|Division:||Water Resources Management||P.D.||W.R. 92-2|
|Prepared By:||Martin Goebel, P.Eng.||Issue Date:||October 2, 1992|
|Approved By:||Martin Goebel||Director||Re-Issue Date:||Jan 17, 2001|
|Approved By:||Ken Dominie||ADM||Review Date:|
|Authorized By:||Paul L. Dean||DM||Superseded:|
Use of Creosote Treated Wood In and Near Fresh Water.
To adopt a consistent approach to the use of creosote treated wood in and near bodies of fresh water in order to protect the water resource from a source of potential pollution.
Creosote treated wood has been a building material of choice for many years where protection against decay and rot is required. It is effective against marine borers. Before the development of newer products, creosote treated wood, which was first patented in 1838, was used whenever long term durability was required. Creosote is a distillate of coal tar. It contains over 160 compounds but is composed primarily of liquid and solid aromatic hydrocarbons as well as some tar acids and tar bases which provide protection against destructive insects and organisms. Creosote contains impurities that are toxic, carcinogenic and mutagenic. Leaching and weeping of creosote, especially in hot weather is a particular problem.
Creosote treated wood is used in marine installations (wharves, jetties, breakwaters etc), utility poles, railway ties, bridges, dams, retaining walls, guardrails, fences and foundation piling. There are various industry guidelines that deal with the manufacture, handling and use of creosote treated woods. The abandonment of the CN Railway brought to market a large supply of used, but serviceable creosote treated wood. This wood is often being used by the general public for a variety of domestic projects such as retaining walls, shed foundations, wharves, bridges and walkways.
This policy will utilize the provisions of the Environment Act, SN 1995 c E-13.1, which requires prior written approval for any alteration of any body of water (Section 11) and which generally prohibits pollution (Section 9).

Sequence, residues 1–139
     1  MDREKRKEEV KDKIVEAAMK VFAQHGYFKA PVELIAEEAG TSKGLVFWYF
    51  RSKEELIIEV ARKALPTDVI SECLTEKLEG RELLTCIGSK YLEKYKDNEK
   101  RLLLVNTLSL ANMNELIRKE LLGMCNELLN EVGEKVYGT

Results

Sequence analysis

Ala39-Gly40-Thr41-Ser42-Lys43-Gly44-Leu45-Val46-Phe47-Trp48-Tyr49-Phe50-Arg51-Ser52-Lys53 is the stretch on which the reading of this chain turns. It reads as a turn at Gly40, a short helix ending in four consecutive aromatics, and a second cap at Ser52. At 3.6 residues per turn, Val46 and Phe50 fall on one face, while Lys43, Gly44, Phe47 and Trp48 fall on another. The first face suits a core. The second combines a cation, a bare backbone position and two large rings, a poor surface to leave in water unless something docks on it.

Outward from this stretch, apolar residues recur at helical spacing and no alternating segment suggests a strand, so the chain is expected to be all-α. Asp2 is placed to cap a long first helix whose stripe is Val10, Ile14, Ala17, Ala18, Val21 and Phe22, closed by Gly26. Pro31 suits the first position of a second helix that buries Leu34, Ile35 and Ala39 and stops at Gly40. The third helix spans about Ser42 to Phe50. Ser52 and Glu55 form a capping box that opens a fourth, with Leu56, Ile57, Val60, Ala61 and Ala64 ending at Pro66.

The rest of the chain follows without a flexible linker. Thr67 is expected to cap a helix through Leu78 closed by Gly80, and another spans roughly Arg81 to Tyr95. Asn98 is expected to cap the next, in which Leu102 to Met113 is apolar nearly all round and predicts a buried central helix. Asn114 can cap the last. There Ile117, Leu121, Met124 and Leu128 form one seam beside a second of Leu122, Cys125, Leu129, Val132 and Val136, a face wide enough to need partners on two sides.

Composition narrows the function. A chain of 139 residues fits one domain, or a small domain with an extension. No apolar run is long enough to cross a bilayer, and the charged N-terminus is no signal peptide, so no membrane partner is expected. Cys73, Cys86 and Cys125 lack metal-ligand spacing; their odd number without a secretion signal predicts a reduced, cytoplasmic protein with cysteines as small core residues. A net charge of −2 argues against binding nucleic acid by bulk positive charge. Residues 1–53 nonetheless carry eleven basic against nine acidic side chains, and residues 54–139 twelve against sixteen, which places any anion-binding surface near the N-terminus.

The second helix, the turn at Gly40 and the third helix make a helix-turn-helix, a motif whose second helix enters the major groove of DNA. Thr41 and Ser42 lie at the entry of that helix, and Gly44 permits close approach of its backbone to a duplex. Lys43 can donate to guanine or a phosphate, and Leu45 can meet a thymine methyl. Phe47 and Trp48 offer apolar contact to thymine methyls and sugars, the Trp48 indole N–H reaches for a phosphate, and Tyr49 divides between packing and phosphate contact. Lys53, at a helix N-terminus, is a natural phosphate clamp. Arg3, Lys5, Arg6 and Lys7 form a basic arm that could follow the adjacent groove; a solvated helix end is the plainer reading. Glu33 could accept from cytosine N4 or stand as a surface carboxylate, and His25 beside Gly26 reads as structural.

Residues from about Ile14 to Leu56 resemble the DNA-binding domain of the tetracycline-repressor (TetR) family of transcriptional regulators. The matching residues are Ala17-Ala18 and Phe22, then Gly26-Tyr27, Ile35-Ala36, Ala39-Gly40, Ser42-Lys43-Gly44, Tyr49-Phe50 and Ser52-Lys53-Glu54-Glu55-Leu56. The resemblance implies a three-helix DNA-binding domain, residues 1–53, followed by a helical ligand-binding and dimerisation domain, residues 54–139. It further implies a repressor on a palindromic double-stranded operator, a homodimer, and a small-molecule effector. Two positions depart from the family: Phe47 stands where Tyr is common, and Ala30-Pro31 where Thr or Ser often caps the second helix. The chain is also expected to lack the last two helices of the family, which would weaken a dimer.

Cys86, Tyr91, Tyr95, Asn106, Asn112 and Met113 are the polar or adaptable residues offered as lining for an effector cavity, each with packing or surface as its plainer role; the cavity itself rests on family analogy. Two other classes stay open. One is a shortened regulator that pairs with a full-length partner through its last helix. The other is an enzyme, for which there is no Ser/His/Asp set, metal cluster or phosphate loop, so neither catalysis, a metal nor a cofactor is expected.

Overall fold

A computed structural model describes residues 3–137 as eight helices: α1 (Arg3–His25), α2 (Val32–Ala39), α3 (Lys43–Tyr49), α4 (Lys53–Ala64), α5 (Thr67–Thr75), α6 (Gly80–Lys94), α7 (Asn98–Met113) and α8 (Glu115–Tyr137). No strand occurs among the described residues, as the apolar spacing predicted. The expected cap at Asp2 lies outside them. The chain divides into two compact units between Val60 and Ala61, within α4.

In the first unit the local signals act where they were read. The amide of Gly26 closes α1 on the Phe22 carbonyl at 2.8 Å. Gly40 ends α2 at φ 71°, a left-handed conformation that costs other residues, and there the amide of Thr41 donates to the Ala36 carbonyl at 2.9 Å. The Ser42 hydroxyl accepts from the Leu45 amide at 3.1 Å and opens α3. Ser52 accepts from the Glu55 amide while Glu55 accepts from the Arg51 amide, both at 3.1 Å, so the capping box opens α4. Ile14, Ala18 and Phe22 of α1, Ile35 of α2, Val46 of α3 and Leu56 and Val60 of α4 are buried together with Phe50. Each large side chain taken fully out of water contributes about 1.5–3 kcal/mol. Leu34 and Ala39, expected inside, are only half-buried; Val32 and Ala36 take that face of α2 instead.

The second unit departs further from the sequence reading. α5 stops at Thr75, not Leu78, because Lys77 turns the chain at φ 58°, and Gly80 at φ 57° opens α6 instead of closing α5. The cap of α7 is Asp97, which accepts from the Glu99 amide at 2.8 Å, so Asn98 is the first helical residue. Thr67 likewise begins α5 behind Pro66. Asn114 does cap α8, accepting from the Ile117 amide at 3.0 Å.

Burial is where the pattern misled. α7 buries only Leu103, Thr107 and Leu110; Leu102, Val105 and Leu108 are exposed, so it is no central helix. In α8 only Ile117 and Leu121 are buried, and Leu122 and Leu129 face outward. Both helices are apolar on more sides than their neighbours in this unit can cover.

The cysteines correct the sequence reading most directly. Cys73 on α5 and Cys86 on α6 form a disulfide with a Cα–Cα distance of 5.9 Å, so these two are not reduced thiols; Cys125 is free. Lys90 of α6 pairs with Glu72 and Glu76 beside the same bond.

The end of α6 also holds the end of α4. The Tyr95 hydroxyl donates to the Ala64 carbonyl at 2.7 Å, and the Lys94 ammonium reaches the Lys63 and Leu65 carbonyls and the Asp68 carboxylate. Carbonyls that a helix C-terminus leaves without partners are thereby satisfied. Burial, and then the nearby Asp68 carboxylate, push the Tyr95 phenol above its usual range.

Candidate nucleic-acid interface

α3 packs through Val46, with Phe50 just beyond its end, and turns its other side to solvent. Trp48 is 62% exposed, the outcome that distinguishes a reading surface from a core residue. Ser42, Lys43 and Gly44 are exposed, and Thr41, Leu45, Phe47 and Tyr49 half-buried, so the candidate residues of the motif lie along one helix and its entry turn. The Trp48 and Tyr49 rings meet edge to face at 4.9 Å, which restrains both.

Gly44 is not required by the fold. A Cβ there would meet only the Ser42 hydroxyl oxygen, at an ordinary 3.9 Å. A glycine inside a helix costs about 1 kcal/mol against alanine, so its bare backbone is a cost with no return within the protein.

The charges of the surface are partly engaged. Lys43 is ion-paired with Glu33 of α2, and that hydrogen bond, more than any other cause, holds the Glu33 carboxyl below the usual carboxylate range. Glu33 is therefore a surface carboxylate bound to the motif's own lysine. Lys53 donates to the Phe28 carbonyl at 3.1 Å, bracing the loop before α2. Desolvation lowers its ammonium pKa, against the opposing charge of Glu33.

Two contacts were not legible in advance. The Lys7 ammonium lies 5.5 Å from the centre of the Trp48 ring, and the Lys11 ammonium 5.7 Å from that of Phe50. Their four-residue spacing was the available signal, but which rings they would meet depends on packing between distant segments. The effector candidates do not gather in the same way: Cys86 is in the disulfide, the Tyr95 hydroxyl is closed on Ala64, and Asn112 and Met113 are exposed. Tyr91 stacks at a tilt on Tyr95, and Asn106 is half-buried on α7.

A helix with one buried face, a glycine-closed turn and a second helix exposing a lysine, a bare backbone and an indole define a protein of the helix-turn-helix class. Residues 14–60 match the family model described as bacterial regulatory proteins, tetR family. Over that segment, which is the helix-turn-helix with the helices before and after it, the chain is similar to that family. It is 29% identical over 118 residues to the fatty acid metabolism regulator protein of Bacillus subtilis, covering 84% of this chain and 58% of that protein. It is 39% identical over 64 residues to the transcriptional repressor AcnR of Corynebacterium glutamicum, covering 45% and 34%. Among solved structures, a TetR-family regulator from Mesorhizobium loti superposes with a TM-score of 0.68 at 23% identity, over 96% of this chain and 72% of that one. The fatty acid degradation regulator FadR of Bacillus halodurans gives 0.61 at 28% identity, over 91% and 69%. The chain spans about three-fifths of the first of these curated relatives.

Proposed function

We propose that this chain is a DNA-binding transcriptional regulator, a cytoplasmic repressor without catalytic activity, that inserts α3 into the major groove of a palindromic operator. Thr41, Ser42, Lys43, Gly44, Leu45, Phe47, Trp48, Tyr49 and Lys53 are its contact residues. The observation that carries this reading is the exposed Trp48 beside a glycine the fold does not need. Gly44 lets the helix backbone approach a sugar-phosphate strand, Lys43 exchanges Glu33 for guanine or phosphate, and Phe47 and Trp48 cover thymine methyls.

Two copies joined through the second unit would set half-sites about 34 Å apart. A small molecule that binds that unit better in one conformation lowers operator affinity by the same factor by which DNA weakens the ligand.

Environment Act, SN 1995 c E-13.1, Sections 9 and 11.
4.1 The Department of Environment will not recommend approval of any project under Section 11 of the Act if the project involves the use of new or old creosote treated wood in or near any body of fresh water.
4.2 Specifically, but without limitation, no approval will be granted under Section 11 for dams, bridges, walkways, culverts, wharves, pilings, embankment protection or cribbing protection, or any other structure if that proposed structure is designed with the use of creosote treated wood in fresh water.
4.3 For the purpose of definition of a body of water, a body of water is as defined in the Act but also includes wetlands and bogs, any ditch leading to any body of water and any land within 15 m of the high water mark of any body of water.
4.4 The use of creosote is banned for all purposes anywhere in a protected water supply area and anywhere upstream of any drinking water source or swimming area whether protected or not.
4.5 In so far as creosote treated wood is a traditional building material in the marine environment, its use in salt water will not be considered a sole reason for not recommending approval for a project. However, proponents must justify the use and benefits of the material for the particular installation and whenever possible, alternative designs or use of other materials should be considered.
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